ENDEMIC TYPHUS: The most common signs of endemic typhus include:

  • Body aches
  • Chills
  • Diarrhea
  • Headache
  • High fever (about 105 degrees F)
  • Malaise
  • Nausea
  • Rash (this usually starts on the trunk and spreads to the chest, back, arms or legs)
  • Vomiting

Some people also suffer from:

EPIDEMIC TYPHUS: Symptoms of epidemic typhus mirror those mentioned above, but can also include more serious (and potentially fatal) complications, including:

  • Bleeding into the skin
  • Confusion
  • Delirium
  • Hypotension (i.e. low blood pressure)
  • Sensitivity to bright lights
  • Shock
  • Stupor

Complications of epidemic typhus that can lead to death, especially in the elderly, include:

  • Central nervous nystem problems
  • Pneumonia
  • Renal insufficiency or failure


Typhus and typhoid have been mistaken for each other for centuries. While typhoid is a food-borne illness caused by salmonella typhi, typhus can be blamed on the following bacterium: Ricksettia prowazekii, Rickettsia typhi, Rickettsia felis, or Orientia tsutsugamushi.

Typhoid is spread through contaminated water or food while typhus is contracted through a bite (or contact with the feces) from a tick, flea, or louse. Both diseases have similar symptoms (e.g., fever, abdominal pain, confusion, and fatigue), which can make them difficult to diagnose.

SCRUB TYPHUS: Symptoms of scrub typhus include:

Who’s at Risk?

Visiting or living in areas with high populations of rats, mice, cats, opossum, and other animals increases a person’s risk of contracting typhus. Disaster zones, poverty-ridden areas, jails, and refugee camps are especially prone to the disease. It has also run rampant in homeless populations.

Is Typhus Deadly?

Yes. Between 10 and 15 percent of those who contract epidemic typhus will die from complications of the disease, claim researchers of an article published in Infectious Disease Clinics of North America. Only about two percent of those who suffer from endemic typhus die.

Treating Typhus

There is currently no vaccine for typhus, meaning avoiding fleas and lice is your best bet to stay healthy. Keep your garbage containers tightly covered to avoid attracting rats and possums, apply flea control medicine to your pets, and don’t leave pet food outside.

The good news? The majority of those who contract typhus can be cured with antibiotics, especially if they take the medicine early. Multiple types, including azithromycin, doxycycline, and tetracycline have been used to successfully treat the disease. See an infectious-disease expert to ensure your treatment plan is optimal for your condition.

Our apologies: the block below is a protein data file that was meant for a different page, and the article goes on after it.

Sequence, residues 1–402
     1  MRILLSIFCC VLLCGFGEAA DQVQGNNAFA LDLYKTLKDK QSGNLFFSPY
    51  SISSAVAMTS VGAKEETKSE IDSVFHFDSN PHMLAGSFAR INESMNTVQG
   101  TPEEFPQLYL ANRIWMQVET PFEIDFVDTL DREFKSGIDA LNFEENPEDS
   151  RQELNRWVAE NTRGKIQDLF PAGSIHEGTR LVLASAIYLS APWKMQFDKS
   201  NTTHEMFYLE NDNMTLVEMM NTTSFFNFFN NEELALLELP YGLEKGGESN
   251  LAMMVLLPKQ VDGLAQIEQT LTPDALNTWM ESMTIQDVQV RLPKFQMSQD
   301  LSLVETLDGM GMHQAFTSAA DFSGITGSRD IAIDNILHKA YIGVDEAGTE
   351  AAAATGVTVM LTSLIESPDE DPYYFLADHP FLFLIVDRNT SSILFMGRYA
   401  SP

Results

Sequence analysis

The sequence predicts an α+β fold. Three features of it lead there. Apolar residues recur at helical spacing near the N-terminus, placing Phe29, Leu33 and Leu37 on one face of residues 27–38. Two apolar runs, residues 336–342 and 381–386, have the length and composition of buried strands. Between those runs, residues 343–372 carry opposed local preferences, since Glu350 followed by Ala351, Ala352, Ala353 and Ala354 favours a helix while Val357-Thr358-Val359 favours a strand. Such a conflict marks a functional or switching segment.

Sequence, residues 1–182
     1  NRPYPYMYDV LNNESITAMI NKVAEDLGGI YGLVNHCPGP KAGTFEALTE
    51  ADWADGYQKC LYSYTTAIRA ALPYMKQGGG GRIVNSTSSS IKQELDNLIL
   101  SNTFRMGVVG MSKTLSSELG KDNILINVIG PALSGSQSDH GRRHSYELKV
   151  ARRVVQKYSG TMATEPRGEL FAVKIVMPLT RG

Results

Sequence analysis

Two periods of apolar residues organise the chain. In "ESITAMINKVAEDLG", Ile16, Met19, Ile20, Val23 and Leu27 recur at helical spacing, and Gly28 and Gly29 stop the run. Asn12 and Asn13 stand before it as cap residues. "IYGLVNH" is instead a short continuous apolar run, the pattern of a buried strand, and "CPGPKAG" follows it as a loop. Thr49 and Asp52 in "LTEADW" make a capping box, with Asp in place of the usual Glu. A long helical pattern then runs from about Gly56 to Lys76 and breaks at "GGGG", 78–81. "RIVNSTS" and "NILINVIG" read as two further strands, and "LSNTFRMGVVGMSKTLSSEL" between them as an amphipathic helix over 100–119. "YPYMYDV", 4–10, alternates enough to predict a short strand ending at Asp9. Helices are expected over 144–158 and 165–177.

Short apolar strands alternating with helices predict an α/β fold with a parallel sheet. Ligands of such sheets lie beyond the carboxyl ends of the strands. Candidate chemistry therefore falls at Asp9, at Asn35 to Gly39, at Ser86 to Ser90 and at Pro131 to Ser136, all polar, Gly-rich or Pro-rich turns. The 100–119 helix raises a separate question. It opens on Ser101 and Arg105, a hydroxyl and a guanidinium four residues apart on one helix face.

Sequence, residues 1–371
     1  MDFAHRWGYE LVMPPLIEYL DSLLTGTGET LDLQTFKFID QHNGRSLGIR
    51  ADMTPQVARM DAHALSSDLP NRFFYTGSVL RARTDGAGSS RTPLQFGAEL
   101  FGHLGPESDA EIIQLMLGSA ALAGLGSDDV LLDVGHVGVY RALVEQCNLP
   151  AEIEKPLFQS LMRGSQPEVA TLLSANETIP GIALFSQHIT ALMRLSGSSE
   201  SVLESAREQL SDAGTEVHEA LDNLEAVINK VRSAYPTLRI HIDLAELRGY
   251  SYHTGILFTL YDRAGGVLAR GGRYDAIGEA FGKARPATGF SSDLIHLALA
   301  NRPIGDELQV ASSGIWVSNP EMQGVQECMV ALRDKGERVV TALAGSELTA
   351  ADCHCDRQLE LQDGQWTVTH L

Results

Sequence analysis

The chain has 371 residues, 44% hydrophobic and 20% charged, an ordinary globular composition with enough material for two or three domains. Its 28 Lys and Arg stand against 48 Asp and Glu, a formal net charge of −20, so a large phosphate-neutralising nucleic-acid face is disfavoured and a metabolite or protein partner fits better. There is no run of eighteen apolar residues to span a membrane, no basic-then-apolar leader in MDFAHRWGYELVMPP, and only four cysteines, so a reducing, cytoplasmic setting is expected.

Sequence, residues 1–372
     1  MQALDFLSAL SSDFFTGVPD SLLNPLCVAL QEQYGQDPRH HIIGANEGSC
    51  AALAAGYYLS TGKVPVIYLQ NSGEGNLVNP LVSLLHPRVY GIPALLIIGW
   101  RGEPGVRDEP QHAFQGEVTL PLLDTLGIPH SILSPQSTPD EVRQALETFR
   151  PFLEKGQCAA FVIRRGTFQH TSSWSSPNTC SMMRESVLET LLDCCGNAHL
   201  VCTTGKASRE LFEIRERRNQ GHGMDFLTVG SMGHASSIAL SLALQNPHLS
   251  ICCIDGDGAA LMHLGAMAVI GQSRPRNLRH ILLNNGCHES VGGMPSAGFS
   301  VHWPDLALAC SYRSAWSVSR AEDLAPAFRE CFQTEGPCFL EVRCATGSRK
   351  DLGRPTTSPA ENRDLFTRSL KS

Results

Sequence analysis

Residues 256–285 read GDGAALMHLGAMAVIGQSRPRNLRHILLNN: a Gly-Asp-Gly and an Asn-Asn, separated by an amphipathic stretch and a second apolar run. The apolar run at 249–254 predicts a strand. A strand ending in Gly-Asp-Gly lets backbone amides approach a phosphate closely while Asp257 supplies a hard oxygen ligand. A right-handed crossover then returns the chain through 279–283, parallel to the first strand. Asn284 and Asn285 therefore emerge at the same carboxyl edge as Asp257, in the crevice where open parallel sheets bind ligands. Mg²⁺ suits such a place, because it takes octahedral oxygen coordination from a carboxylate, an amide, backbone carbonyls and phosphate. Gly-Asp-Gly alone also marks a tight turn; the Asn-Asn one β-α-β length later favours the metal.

Is Typhus Contagious?

typhus flea-borne

Recent outbreaks of typhus in California and Texas have been attributed to flea infestation.

No. However, if an infected flea or louse moves from one person to another (either by direct contact or through shared clothing), it can infect both people with the disease. You can become infected with typhus in two ways:

  1. Through the bite of an infected tick, louse, mite, or flea.
  2. By scratching a bite and opening the skin. The bacteria from the louse, tick, or flea’s feces can then enter your bloodstream, where it grows.

How Is Typhus Diagnosed?

Taking a detailed history from the patient is key to diagnosing typhus. A physical exam and various tests including a skin biopsy, Western Blot test, Immunofluorescence test, and blood samples are also essential steps in the diagnostic process.

As a service to our readers, University Health News offers a vast archive of free digital content. Please note the date published or last update on all articles. No content on this site, regardless of date, should ever be used as a substitute for direct medical advice from your doctor or other qualified clinician.

Tags: , , , , , , , , , , , , , , , , , , ,

Shandley McMurray

Shandley McMurray has written several of Belvoir’s special health reports on topics including stress & anxiety, coronary artery disease, healthy eyes and pain management. Shandley also has authored numerous articles … Read More

View all posts by Shandley McMurray

Enter Your Login Credentials
This setting should only be used on your home or work computer.